Wednesday, September 06, 2023

Zillow's "agent" and "other" tabs were literally false where some agents ended up in "other" purgatory

REX – Real Estate Exchange, Inc. v. Zillow, Inc., 2023 WL 5334389, No. C21-0312 TSZ (W.D. Wash. Aug. 18, 2023)

Zillow aggregates listings of real properties that are for sale or for rent. Before January 2021, Zillow’s websites displayed on one page (or in one tab) all homes for sale in a certain region regardless of how they were listed, i.e., by a real estate agent, a real estate broker, a realtor, or an unrepresented owner. Then Zillow unveiled a two-tab design, which segregated content between tabs (or webpages) labeled as “Agent listings” and “Other listings.”

According to Zillow, the two-tab display resulted from Zillow’s efforts to comply with the National Association of Realtors model “no-commingling” (or segregation) rule, which had been adopted by roughly two-thirds of the multiple-listing services (MLSs) that had agreed to provide Zillow with data feeds. This rule requires segregating listings obtained through such data feeds from listings obtained from other sources.

REX’s listings come from licensed brokers and agents; they qualified as agent listings, as opposed to for-sale-by-owner (“FSBO”) or non-agent listings. Nevertheless, REX’s for-sale listings were relegated, along with FSBO and non-MLS listings, to the “Other listings” page because REX’s brokers and agents were not members of the MLSs from which Zillow was receiving data feeds.

Before Zillow launched the two-tab system, it evaluated the associated risks. A 2019 investigation of tabs labeled “Agent listings” and “Other listings” revealed “critical comprehension concerns warranting further iteration.” In November 2020, Zillow’s research indicated that eight of the twelve participants in a study (described as “buyers,” meaning individuals trying to purchase a home who had previously used one of Zillow’s platforms) “assumed” that “other” meant “non-agent” listings, while the other four buyers thought “other” meant non-Zillow-agent or agent “not approved by Zillow.”

Zillow’s FAQ said:

“Agent Listings” are properties listed by real estate agents in the MLS. “Agent Listings” do not include homes for sale by owner, non-MLS auctions or foreclosures. “Other Listings” are for sale by owner, non-MLS auctions, foreclosures and other properties. “Other Listings” do not include properties listed by agents in the MLS.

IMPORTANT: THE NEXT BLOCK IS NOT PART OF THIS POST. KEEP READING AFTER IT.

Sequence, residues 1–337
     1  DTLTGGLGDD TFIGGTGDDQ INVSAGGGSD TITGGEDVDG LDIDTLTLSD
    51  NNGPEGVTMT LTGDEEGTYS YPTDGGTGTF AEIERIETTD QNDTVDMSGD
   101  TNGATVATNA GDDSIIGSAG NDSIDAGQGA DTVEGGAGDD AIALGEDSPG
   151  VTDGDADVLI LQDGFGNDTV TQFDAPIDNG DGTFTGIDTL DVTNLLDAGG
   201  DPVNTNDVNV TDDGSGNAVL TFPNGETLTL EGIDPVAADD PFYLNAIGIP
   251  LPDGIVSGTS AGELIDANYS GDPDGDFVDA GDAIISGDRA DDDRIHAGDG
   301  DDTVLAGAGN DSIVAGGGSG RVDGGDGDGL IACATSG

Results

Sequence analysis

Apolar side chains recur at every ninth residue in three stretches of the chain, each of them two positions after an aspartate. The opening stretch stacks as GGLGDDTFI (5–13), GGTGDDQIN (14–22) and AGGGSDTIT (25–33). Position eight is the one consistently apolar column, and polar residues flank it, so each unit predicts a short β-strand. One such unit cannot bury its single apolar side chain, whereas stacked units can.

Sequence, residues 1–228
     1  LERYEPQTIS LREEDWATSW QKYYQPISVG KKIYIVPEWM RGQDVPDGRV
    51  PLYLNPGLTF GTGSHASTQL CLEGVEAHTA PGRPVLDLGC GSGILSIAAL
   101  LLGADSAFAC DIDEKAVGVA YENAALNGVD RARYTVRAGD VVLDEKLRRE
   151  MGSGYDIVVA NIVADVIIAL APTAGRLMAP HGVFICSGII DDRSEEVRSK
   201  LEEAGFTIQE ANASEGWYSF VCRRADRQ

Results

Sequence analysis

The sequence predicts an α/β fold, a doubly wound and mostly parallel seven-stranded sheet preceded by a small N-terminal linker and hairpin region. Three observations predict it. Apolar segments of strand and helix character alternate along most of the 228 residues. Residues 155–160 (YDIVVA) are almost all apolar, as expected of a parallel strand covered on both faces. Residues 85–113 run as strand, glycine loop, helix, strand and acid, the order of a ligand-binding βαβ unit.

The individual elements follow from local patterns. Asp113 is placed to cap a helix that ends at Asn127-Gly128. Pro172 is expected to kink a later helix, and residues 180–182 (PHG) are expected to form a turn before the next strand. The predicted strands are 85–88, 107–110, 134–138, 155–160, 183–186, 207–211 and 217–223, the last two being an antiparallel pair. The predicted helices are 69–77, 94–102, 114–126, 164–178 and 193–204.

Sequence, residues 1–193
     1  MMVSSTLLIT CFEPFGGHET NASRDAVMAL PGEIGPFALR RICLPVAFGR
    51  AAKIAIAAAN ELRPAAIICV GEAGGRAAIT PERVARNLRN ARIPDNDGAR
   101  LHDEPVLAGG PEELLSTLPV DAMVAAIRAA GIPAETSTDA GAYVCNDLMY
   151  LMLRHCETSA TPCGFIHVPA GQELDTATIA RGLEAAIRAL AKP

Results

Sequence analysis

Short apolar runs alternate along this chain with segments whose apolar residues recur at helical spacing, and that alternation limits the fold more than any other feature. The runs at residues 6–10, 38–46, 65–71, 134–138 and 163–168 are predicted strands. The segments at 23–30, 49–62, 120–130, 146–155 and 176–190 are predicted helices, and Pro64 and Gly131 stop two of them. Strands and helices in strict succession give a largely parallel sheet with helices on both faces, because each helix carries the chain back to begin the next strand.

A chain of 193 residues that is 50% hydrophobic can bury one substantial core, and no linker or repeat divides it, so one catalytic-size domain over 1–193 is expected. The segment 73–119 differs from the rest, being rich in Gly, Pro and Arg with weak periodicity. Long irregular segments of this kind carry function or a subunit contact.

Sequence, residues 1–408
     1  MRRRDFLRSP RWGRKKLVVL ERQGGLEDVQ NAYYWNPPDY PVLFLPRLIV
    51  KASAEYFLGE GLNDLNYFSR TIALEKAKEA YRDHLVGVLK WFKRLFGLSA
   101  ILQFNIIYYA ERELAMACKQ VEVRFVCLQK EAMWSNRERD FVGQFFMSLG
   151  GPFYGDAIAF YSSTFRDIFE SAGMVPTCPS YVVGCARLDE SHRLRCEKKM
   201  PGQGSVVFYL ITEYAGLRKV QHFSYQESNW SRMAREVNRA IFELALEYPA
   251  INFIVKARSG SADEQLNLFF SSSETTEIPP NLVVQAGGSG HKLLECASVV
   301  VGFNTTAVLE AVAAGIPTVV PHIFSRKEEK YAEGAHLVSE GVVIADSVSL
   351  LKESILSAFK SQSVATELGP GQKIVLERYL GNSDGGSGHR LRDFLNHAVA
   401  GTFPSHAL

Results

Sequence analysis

If an agent lists your home on the MLS (even through a limited-service brokerage), it will appear under “Agent Listings.” If you advertise your home on Zillow as for sale by owner, it will appear under “Other Listings.”

The FAQ did not indicate that the “Other listings” tab might include homes for sale by agents or brokers who were not MLS members. It also failed to define MLS or to clarify that some licensed real estate agents and brokers do not belong to an MLS.

Zillow recorded a 32% increase in complaints during the weeks after the transition. Comments included: “Why prop up agents when the whole point of your app is to circumvent the need for a high commission agent?” and the like. A user test comment: “Oh...oh no...I wouldn’t even think to click on a separate list. I just assumed all the homes would be in this list.” The Other tab was clicked during only 4–7% of sessions, and 80% of the FSBO page views were lost.

Meanwhile, Zillow perceived REX to be “an industry disruptor” that had not been well received by other agents and brokers because it did not share its listings with MLSs (in other words, it did not “syndicate”), and it did not “pay a buy side commission.” The National Association of Realtors requires that MLS participants, when listing homes for sale, make “blanket unilateral offers of compensation” to other MLS members serving as buyers’ agents. Zillow internally acknowledged that REX was “poised to be a casualty” of the change, and in fact it was.

Falsity/misleadingness: Misleadingness was a fact issue that couldn’t be resolved on summary judgment; Zillow’s own internal records might suffice as extrinsic evidence for that.

Literal falsity: The Third Circuit has held that, although a plaintiff has the burden to prove falsity, a court may find that “a completely unsubstantiated advertising claim by the defendant is per se false without additional evidence from the plaintiff to that effect.” And an assertion of fact may be literally false by necessary implication “when, considering the advertisement in its entirety, the audience would recognize the claim as readily as if it had been explicitly stated.” Under these standards, “Agent listings” and “Other listings,” considered together and in context, were literally false by necessary implication. “When the labels are viewed side-by-side, the unambiguous assertion is that one tab includes homes listed for sale by agents and the second tab contains all other listings, i.e., homes for sale by their owners or by non-agents.”

It was undisputed that REX was a broker and/or agent. Thus, “[b]y relegating REX’s listings to the ‘Other listings’ tab, Zillow falsely stated by necessary implication that REX was not (or did not employ) an agent.” Zillow’s own study showed that no participant construed the tab labels in the way that Zillow proposed to the court (i.e., agent listings and additional agent listings). (Unsurprisingly, because that’s a Borgean category: what could distinguish “agent listings” from “additional agent listings”?) The FAQ didn’t fix the deceptiveness because it didn’t define “MLS” or indicate that agents didn’t have to belong to an MLS.  Summary judgment on falsity to REX.

No comments:

Post a Comment